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April 27, 2014
by Christie Hunter

Psychology of Finding Joy in the Mundane

April 27, 2014 04:55 by Christie Hunter  [About the Author]

What is Psychology of Joy?

As defined by Myers (2007), psychologists consider that happiness or joy is a state characterized by predominance of positive energy. In Subjective Well Being (SWB), a science of categorizing people in accordance of their emotions and approach towards life, happiness is the state in which people are contented with what they have. Talking in psychological context, Myers emphasizes that when a person is happy, he/she radiates positive energy. In such a state, all stressors are inactive. The American Psychological Association has declared happiness or joy as the ground of positive psychology. All the aspects of positive psychology are directly associated with whether the person is happy or what are the ways through which a person can find joy in mundane.

States of Happiness

Psychologist Kahneman (2005), in a research study, stated that there are various components and psychological states of a person that decide the effect of happiness. In every state, a person thinks from different perspectives and experiences different levels of energy. It is mentioned in the study that the fact that energy of a happy mind is different from the energy of a stressed mind is not given considerable importance in clinical psychiatry, but a number of psychological disorders can be resolved by understanding the influence of mind frequency on the cognitive behavior. The study also highlights the fact that states of happiness depend on the personal preferences and expectations of a person.

Here is a quick look at both of the states of Happiness as elaborated by Kahneman and Riis (2005):

1. Long-Term

Long-term happiness refers to the state in which a person starts finding satisfaction in ordinary things, as a result of the pleasant impact of some prior incident. However, the impact of any pleasant or unpleasant incident depends on the psychological state of a person. If the person is already depressed then he/she might envision the life in a different way than a person who is not going through any mental trauma. This does not mean that a depressed person cannot seek happiness from a pleasant incident, but for obvious reasons the level of happiness will be lesser than the person who is not depressed.

2. Moment-by-Moment

As the name implies, this is the state of happiness in which a person experiences momentarily surges of positive emotions. Kahneman suggests that a number of people think that the person going through monetarily joy might relapse back into the state of depression, which is not true. It only means that this state or level of happiness does not have as intense an impact as long-term happiness. In order psychology, the graph for momentarily happiness is represented by spikes, which means that the positive energy level quickly goes back to the normal state.

Determination of Human Behavior through Happiness Level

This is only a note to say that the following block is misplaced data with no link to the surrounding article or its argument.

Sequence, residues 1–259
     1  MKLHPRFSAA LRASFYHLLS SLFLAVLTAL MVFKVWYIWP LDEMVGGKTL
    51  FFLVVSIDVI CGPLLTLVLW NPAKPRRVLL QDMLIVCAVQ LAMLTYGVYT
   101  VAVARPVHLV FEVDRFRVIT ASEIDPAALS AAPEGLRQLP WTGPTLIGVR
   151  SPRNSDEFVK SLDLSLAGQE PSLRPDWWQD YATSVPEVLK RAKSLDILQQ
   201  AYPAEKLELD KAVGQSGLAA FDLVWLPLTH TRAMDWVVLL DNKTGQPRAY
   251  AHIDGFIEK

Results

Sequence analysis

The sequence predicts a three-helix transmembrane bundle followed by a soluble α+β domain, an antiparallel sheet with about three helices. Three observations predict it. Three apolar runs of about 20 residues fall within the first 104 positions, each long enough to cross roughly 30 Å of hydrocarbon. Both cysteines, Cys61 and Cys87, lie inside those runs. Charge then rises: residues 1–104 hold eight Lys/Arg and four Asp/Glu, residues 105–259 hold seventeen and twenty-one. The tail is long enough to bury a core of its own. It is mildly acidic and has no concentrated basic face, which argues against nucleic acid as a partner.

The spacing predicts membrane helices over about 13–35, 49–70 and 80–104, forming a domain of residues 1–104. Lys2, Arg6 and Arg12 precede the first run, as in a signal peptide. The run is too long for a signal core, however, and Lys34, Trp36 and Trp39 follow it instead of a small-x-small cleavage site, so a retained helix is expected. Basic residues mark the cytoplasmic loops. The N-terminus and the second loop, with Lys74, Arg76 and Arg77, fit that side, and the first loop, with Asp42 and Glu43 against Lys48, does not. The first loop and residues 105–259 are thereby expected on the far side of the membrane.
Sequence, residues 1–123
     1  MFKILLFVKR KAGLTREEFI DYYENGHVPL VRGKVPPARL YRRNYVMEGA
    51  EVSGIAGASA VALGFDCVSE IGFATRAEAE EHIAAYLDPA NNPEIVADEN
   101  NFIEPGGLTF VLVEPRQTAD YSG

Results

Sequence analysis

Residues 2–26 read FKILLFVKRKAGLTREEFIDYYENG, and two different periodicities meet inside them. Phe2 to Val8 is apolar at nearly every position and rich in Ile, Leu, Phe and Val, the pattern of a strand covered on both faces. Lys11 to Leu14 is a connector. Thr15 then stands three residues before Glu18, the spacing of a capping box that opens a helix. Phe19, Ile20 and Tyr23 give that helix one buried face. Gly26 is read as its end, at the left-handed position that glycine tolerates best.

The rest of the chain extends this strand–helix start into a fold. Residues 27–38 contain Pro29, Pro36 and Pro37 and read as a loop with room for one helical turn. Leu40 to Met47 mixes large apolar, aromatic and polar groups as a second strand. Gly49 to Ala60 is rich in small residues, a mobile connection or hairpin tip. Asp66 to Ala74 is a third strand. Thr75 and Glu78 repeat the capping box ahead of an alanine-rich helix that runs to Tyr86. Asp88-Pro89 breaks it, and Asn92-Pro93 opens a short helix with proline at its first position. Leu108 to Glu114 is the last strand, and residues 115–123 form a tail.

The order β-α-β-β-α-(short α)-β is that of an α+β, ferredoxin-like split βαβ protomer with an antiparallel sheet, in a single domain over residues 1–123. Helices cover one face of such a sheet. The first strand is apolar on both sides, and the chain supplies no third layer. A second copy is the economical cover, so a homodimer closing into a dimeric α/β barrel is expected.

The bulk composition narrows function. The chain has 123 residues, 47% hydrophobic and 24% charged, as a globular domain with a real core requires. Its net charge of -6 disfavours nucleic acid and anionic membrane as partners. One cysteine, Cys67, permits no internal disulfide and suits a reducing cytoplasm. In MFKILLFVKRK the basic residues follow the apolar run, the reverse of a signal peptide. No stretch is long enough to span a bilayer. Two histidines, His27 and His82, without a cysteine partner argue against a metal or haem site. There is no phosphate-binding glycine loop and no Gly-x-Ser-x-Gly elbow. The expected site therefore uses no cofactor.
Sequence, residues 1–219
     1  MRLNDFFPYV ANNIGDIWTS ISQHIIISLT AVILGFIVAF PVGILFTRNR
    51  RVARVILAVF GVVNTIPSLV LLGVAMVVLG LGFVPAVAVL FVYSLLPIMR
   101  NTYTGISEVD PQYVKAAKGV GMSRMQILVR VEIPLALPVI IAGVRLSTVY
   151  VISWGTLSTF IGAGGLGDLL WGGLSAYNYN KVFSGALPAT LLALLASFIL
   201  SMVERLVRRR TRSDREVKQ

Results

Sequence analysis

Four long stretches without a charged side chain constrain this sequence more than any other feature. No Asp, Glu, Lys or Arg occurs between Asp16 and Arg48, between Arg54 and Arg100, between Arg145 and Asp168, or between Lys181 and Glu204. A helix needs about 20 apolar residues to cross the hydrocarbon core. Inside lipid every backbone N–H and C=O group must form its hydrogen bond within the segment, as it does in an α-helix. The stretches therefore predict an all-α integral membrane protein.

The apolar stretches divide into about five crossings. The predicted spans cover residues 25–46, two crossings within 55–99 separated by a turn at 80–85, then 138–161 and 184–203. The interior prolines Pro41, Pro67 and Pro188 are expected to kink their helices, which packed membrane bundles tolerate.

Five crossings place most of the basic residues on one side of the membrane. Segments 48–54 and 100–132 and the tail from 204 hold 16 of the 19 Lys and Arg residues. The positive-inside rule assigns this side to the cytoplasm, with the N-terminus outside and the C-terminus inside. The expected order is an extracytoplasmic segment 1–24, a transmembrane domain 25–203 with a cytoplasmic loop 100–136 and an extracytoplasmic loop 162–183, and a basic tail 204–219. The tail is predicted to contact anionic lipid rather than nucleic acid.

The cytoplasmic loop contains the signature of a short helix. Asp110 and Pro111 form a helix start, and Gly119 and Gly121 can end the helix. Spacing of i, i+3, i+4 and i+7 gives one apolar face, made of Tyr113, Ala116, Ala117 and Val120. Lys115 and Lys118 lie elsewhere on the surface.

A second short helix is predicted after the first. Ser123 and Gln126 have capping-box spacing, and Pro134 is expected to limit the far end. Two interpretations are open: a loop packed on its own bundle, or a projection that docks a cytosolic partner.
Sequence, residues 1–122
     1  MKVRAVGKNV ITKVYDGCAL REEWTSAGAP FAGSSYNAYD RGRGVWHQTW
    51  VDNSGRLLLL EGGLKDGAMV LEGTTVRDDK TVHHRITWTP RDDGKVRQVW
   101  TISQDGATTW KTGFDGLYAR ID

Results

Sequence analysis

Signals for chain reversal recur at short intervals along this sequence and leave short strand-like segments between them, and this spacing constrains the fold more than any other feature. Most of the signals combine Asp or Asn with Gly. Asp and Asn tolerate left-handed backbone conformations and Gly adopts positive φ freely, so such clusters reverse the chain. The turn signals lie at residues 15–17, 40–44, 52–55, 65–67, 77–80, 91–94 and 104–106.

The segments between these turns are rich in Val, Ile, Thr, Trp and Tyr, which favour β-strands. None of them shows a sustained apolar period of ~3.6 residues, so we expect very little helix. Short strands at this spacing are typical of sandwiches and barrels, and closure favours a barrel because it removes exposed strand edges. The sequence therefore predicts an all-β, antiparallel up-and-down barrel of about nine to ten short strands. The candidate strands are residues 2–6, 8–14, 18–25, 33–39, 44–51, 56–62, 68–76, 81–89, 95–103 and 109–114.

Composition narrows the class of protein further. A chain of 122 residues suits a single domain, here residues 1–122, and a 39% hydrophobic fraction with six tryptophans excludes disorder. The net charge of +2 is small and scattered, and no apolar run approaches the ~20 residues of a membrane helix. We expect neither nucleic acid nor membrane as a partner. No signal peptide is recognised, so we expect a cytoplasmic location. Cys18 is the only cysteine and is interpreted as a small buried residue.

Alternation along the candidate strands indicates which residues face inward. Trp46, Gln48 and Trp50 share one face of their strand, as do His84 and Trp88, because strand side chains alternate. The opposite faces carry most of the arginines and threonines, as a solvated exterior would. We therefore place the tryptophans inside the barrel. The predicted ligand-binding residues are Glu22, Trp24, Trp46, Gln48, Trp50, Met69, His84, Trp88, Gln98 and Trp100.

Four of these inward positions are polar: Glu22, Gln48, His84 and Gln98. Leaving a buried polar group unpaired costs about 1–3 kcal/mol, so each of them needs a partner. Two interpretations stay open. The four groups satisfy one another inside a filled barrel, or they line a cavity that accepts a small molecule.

According to Haidt (2006), happiness is directly linked with the mental stability and decision making abilities of a person. Haidt, in the book quotes the fact that person with high satisfaction level responds quickly to situations. Depression is defined as the state of mind which occurs due to unaddressed negative emotions. Joy, on the other hand, allows a person to recover from mental traumas by suppressing stressors. The study also highlights the fact that there are a number of variables that decide the ability of a person to find joy in mundane. Some of them are:

Age- The study of Haidt concluded that as the age of a person progresses, his/her expectations from life change and the chances of finding satisfaction in ordinary life becomes less.

Lifestyle- According to Myer, the lifestyle of people decide their ability of finding happiness in small things. For example, a poor person will find satisfaction in wealth.

Can Therapies Help Find Joy in the Mundane?

As clinical psychology has associated happiness with mental stability, psychologists suggest that therapies and counseling can help a person stay happy (Gewaltig et al., 2007). As therapies can enhance self-control, they can help suppress negative stressors. Moreover, medical aid and counseling can help a person avoid psychological disorder associated with chronic stress. Counseling with an expert psychiatrist can also change the approach of a person towards life (Holmes, 2006).


Gewaltig M. and Diesmann M. (2007) NEST (NEural Simulation Tool). Scholarpedia, 2(4):1430.

Holmes P. and Shea-Brown E T. (2006) Stability. Scholarpedia, 1(10):1838.

Kahneman D. & Riis J. (2005). Living and Thinking about It: Two Perspectives on Life.

Myers D. (2007). Psychology of Happiness. Hope College. Holland.

About the Author

Christie Hunter

Christie Hunter is registered clinical counselor in British Columbia and co-founder of Theravive. She is a certified management accountant. She has a masters of arts in counseling psychology from Liberty University with specialty in marriage and family and a post-graduate specialty in trauma resolution. In 2007 she started Theravive with her husband in order to help make mental health care easily attainable and nonthreatening. She has a passion for gifted children and their education. You can reach Christie at 360-350-8627 or write her at christie - at -

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